Turnover of the Week: Chiefs Comeback

Few plays make more of a difference in winning and losing than a turnover resulting in a score: a strip-sack, a giveaway that shifts momentum, or a pick-six in overtime. Dave Archibald looks at a fourth-quarter interception by Kansas City in the Chiefs comeback win over the Oakland Raiders.

After Week 6, the Chiefs were 1-5 and coming off their fifth straight loss, a dismal 16-10 defeat at the Minnesota Vikings. Few realized it at the time, but the signs of a turnaround were already in place. The Chiefs’ defense had been lit up in Weeks 3 and 4, allowing 38 and 36 points and more than 320 passing yards apiece to the Green Bay Packers and Cincinnati Bengals, while failing to force a turnover in either contest. But by Week 6, the defense was already turning things around. The Chiefs forced two turnovers against the Vikings, and have forced two or more in every game since. Since Week 6, Kansas City has forced an NFL-best 19 turnovers, while only giving up three ‒ best in the league. Given this stat, it’s no wonder the Chiefs rode a five-game winning streak into Sunday’s tilt with the division rival Raiders.

Meanwhile, the Raiders entered the Week 12 matchup at 5-6 in what has been an up-and-down season, but they held a 20-14 lead and had marched into field goal territory early in the fourth quarter. On 2nd-and-10, the Raiders line up with two receivers left, with rookie sensation Amari Cooper (#89) outside and Seth Roberts (#10) in the slot:

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Cooper runs a streak route upfield, while Roberts run a slant to the middle of the field. The Raiders run bang play action to draw the linebackers up and open a lane to throw to Roberts, but Chiefs linebackers Derrick Johnson (#56) and Josh Mauga (#90) don’t bite on the fake. Roberts gets a step on slot corner Ron Parker (#38), but Mauga squats in the throwing lane and Raiders quarterback Derek Carr has to pull the ball down and look elsewhere. Kansas City is running a 2 Man defense where normally the linebackers have man coverage responsibilities, but the Raiders leave tight end Lee Smith (#86) in to block, which allows Mauga to play a robber role.

Since Carr has to come off his first read, Kansas City’s four-man rush has time to collapse the pocket and pressure the quarterback. The end zone perspective gives a clearer view of the congestion that leads Carr to his major mistake:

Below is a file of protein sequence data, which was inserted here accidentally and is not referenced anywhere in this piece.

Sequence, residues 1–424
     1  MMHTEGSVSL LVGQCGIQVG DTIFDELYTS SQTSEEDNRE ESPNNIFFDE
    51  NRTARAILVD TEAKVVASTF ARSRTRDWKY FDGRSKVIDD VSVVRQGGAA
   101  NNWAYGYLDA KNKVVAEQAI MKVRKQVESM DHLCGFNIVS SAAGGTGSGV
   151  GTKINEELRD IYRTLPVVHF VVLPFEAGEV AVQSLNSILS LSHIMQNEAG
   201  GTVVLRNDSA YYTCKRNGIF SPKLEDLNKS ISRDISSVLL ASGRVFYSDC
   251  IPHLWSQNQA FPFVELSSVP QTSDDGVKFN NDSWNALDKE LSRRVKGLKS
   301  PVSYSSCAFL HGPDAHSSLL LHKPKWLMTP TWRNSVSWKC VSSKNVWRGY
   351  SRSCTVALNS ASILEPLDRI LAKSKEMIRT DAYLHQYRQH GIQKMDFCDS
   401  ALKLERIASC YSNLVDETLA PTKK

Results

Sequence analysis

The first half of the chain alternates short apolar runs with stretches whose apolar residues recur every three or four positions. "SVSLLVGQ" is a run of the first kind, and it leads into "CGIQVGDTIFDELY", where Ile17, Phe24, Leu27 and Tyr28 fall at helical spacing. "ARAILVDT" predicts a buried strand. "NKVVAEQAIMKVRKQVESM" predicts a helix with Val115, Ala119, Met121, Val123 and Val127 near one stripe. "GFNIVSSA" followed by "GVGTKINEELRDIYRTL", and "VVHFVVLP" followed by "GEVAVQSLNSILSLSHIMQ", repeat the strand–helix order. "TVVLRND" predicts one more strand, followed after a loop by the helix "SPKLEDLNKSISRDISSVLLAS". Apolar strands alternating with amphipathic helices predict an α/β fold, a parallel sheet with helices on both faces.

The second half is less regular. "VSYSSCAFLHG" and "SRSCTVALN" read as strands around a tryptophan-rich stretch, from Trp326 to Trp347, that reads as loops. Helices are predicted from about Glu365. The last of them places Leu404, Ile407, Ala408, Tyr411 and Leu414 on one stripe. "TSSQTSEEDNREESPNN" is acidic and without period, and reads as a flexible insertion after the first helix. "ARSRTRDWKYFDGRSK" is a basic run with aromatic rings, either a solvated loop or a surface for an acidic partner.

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The Raiders’ offensive linemen do a solid job with their initial blocks and give Carr a clean look in which to operate. After he comes off his first read and moves to his second — also covered — he tries to move up in the pocket, but Jaye Howard (#96) defeats a double team and plugs the rush lane. That gives Tamba Hali (#91) the time to jerk free of Donald Penn (#72) and nearly sack Carr from behind. The second-year QB somehow evades that, but Dee Ford (#55) drills him from the other side.

Carr then makes his mistake: rather than just taking the sack, he tries to pass the ball and make something happen. He gets zero velocity on the throw and ends up lobbing a pass right to Mauga, who returns the ball 66 yards to the 2-yard line. Two plays later, Kansas City would tie the game.

Things continued to get ugly for the Raiders in the fourth quarter, as Carr would throw two more interceptions — one after receiver Michael Crabtree fell down, and the other after a pass went through Cooper’s hands to safety Tyvon Branch, who returned the pick for a touchdown. The game map, courtesy of Andy Guyader at the Q5.com, paints the picture of the game: a tight contest through three quarters that the Chiefs blew open thanks to Oakland turnovers in the final 15 minutes:

The Chiefs need to continue playing excellent defense because their offense lacks playmaking ability. Quarterback Alex Smith and company excel at avoiding turnovers, but without Jamaal Charles they don’t have an explosive attack. They amassed only 232 total yards of offense against a weak Oakland defense, but the late interceptions led to three touchdowns, propelling them to victory.

An encouraging sign for the Chiefs is that they managed to create these game-altering turnovers without top edge rusher Justin Houston, their best player, who missed the game with a hyperextended knee. Perhaps Ford, who was the team’s top draft pick in 2014 but has seen limited action behind veterans Houston and Hali, can carve out a role in Houston’s absence. Kansas City need to continue to ride its playmaking defense and a steady, mistake-free offense to achieve a playoff berth.

Follow Dave on Twitter @davearchie.

Dave Archibald knows pass defense, specifically how coverage, the pass rush, excellent cornerbacks, versatile safeties and in-game adjustments can make a big difference.

All video and images courtesy NFL Game Pass.

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